Ecocriticism without the concept of nature is hollow. For Ecocriticism to exist in theory, there must be the belief of a centre and at the centre, only nature can exist. As a literary theory, Ecocriticism looks to investigate various roles that nature plays in human lives, the development of human history and the ongoing flux called humanity. However, there are also other devastating dimensions attached to nature’s role. Here are two basic questions that will clarify many things for students who want to know the role of nature in human lives. Alok Mishra, a noted English literature personality in India, answers the questions below.
1. How is nature, not just as the stage upon which the human story is acted out, but as an actor in the drama?
Answer: This is what the basic task of an ecocritic is. To find out the instances where nature has been portrayed as an active entity taking part in the proceedings rather than sitting back and let things happen. In the works of Thomas Hardy, one can see that nature is active, very much present and it goes forward as the characters go. In the works of Wordsworth, majorly in The Prelude, we always get to know about nature – saying something, following the poet, playing with him and so on. And Wordsworth acknowledges that with his poetical acumen wonderfully. Relating it to our lives, out of the books of literature, we always grow up with nature. A person growing up in a village very much realises the role of trees, Sun and rivers in his upbringing. When we love nature, it loves us back. When we harm it, it harms us back. T. S. Eliot (consciously or unconsciously) draws our attention to this in his work The Waste Land.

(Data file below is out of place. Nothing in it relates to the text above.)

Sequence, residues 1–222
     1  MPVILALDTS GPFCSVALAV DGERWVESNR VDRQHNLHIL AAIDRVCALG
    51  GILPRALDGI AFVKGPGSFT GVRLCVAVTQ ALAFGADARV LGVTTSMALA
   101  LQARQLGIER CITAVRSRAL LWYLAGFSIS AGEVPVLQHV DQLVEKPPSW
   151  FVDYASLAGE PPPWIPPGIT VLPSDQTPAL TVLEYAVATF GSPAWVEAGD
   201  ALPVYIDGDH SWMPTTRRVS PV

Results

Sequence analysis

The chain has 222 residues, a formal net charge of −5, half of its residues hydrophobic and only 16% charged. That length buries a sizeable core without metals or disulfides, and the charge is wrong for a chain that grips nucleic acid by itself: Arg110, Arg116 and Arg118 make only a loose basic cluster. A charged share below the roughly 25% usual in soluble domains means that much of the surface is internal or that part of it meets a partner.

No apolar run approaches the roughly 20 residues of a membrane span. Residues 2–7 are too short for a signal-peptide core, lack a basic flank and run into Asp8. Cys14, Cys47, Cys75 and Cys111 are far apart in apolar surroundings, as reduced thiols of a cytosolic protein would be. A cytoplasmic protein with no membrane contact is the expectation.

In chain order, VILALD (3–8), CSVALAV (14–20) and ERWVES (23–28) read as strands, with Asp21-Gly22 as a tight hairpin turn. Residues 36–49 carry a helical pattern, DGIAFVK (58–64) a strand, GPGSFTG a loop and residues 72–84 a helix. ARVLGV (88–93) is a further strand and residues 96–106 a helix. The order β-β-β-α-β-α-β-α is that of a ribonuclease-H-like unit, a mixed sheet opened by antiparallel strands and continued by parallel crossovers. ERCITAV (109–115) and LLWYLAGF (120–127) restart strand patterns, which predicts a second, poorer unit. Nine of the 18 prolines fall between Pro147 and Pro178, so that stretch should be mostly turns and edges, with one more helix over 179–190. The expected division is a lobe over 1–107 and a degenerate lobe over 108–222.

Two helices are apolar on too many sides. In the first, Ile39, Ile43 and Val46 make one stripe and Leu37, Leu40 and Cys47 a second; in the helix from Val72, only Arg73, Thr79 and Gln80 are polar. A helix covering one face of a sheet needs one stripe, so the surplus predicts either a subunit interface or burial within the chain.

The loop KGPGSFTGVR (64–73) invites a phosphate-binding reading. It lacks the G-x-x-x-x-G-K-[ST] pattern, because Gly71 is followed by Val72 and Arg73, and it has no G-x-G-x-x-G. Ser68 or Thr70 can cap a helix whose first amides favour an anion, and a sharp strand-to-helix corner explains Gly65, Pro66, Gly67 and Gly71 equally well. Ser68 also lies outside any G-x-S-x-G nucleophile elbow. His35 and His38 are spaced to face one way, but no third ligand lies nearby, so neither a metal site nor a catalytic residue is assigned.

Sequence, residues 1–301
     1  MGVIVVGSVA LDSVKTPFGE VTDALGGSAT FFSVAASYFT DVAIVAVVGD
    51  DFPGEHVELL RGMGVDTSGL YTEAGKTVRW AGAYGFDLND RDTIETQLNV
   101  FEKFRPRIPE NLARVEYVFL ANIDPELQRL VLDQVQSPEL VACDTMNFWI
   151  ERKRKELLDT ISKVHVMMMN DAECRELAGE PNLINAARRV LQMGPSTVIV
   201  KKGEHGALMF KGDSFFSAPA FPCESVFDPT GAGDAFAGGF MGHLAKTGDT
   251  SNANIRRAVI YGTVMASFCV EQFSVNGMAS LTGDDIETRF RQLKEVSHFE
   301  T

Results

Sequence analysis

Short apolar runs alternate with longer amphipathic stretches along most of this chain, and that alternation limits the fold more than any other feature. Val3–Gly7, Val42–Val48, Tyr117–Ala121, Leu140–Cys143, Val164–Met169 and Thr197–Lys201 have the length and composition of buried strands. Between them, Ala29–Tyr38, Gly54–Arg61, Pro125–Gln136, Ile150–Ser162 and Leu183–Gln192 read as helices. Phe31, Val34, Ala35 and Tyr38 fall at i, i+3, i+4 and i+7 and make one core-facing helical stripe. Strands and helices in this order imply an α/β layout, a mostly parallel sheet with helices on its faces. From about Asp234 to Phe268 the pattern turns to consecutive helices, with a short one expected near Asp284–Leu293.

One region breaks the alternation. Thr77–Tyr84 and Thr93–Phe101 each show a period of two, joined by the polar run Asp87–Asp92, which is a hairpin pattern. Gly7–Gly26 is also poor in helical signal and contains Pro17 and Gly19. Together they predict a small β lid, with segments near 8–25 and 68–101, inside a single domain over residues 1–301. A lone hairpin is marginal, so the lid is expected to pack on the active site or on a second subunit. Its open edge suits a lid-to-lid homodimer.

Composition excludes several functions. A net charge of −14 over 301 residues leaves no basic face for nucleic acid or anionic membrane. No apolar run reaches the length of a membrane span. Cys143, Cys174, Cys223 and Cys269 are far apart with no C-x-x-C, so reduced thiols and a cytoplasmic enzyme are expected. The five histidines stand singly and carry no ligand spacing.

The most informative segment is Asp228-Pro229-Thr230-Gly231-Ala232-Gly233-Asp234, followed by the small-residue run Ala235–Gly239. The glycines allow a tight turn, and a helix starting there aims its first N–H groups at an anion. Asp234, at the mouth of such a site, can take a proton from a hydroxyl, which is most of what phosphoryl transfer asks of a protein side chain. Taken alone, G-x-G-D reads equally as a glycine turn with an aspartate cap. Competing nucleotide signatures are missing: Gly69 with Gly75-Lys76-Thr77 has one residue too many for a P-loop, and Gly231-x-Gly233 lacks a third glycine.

“And the dead tree gives no shelter, the cricket no relief,
And the dry stone no sound of water.”
He also brings to our attention the smoke going out of the chimney and plastic bottles in the pond. It was almost a century ago! So, nature has always tried to assert its presence in our life in various ways. The example that can be taken is the phenomenon called Global Warming. We are all worried about our lives today but did we think before making a mess of our atmosphere?
2. Can nature be a destroyer of human lives? Do you have examples in literature?
Answer: Absolutely yes! Right from the beginning, the Biblical deluge or what we have in India, the Brah Avatar of Lord Vishnu amidst the massive flood that threatened the entire human race. If we take into consideration this mythological literature (as many suppose them to be), we will have plenty of examples. In literature, Nature has been several times shown as a destroyer of human lives. In the works of literature, the depiction of flood, drought, violent animals who kill people, spontaneous fire… all these are the examples of nature as a destroyer of human lives and a threat to it. In the short stories of Philippine author Satur P. Apoyon, there are several instances of flood and other natural disasters that swallow human lives. In the novel The Hungry Tide by Amitav Ghosh, the ocean and storm are shown as an active threat to many human lives and swallow some of them as well. In the literature in regional languages of India, there are many examples of floods and droughts that claimed several thousand people. Ultimately, a writer writes what he sees or what he can imagine and imagination is seldom a too distant companion of reality. So, we can always hope that like movies, there will be many books in the future that talk about global warming and its possible impact on humanity. Moreover, as we have seen many examples of celebration of nature in the works of Romantic writers, we will certainly see the angry nature in action – it has been altered already and now we will see the repercussions of it.